Soon there will be a portable sensor for quick detection of eye injuries

PTI
Published Dec 10, 2015, 6:20 pm IST
Updated Jan 10, 2016, 8:38 am IST
The sensor could speed efforts to determine the extent of eye injuries.
Representational Image. (Picture Courtesy: Pixabay)
 Representational Image. (Picture Courtesy: Pixabay)
 
Washington: Researchers, including those of Indian-origin, are developing a portable sensor that can quickly and inexpensively determine whether an eye injury is mild or severe.
 
The device called OcuCheck measures levels of vitamin C in the fluids that coat or leak from the eye. The sensor could speed efforts to determine the extent of eye injuries at accident sites, in rural areas lacking ophthalmology specialists or on the battlefield, the researchers said.
 
The new sensor uses graphene platelets that are layered one nanometre thick on filter paper. Upper layers include a unique polymer that interacts with the graphene; gold electrodes; and ascorbate oxidase, an enzyme that binds to ascorbic acid.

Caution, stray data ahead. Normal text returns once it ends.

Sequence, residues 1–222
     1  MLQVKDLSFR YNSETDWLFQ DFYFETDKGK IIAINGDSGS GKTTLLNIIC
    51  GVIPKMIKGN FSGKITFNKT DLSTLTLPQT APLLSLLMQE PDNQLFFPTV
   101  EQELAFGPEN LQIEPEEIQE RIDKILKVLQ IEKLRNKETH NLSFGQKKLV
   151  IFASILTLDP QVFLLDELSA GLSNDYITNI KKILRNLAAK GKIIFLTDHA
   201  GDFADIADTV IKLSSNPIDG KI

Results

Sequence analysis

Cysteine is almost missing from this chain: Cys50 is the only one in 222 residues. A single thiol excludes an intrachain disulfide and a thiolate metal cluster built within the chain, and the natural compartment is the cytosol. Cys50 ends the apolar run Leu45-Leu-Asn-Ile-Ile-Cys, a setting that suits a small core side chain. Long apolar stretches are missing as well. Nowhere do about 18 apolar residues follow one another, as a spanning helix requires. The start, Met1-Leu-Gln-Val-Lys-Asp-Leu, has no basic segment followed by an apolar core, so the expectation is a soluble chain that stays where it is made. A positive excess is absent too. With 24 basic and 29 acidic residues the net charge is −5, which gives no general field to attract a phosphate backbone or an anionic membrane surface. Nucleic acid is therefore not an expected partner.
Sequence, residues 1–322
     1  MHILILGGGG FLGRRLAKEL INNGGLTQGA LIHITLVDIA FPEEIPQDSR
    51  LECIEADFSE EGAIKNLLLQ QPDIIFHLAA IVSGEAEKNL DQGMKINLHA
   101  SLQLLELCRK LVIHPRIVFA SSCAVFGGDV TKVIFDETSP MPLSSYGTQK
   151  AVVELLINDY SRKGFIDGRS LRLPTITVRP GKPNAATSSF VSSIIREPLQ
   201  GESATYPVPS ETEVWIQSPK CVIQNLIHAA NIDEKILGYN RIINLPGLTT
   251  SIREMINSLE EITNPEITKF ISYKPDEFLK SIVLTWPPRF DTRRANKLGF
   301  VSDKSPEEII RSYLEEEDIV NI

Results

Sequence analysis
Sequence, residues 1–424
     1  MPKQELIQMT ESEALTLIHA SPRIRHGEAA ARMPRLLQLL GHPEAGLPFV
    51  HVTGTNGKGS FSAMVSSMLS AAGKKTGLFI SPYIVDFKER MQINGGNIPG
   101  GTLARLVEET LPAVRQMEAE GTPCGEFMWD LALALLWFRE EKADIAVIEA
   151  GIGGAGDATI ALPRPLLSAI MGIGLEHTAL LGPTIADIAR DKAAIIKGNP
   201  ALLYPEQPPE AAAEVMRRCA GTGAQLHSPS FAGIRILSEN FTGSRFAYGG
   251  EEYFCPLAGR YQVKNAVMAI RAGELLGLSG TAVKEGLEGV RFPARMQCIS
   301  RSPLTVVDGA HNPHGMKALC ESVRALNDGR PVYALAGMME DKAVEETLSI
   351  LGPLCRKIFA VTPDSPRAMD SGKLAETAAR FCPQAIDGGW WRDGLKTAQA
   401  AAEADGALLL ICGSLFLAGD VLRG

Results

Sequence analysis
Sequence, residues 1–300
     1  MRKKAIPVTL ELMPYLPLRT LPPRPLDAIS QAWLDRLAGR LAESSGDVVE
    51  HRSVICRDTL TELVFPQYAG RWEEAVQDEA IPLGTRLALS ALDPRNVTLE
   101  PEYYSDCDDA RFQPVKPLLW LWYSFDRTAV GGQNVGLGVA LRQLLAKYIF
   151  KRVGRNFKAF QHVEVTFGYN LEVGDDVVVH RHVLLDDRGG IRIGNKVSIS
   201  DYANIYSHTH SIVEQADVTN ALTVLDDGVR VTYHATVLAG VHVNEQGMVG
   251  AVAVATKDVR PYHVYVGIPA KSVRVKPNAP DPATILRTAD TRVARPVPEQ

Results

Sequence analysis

"The sensor takes advantage of the fact that the ocular tear film - the viscous fluid that coats the eyeball - contains low levels of ascorbic acid, which is just vitamin C, while the interior of the eye contains much higher levels," said Dipanjan Pan, a bioengineering professor at the University of Illinois in US.
 
"So the concept is, if there is severe damage to the eye that penetrates deeply, the ascorbic acid will leak out in high concentration," said Mr Pan, who is creating the device in collaboration with ophthalmologist Leanne Labriola. Two postdoctoral researchers in Pan's laboratory, Santosh Misra and Manas Gartia helped develop the new sensor. At present, those with eye injuries must find their way to a hospital to have their injuries assessed, which is complicated, time-consuming and imprecise.
 
In tests with clinical samples from 16 patients undergoing eye surgery, the team found that their sensor could - with high sensitivity, accuracy and specificity - detect a range of ascorbic acid concentrations. No current techniques for assessing eye injuries involve measurements of ascorbic acid, researchers said.
 
"The idea is that the moment that the ascorbic acid comes in and binds to the ascorbate oxidase, it will pull the polymer out of its interaction with the graphene, changing the sensor's electrical properties," said Mr Pan.
 
"This technology has the ability to impact a large number of patients, particularly in rural settings, where access to an ophthalmologist can be limited," Ms Labriola added. The findings were published in the journal Scientific Reports.




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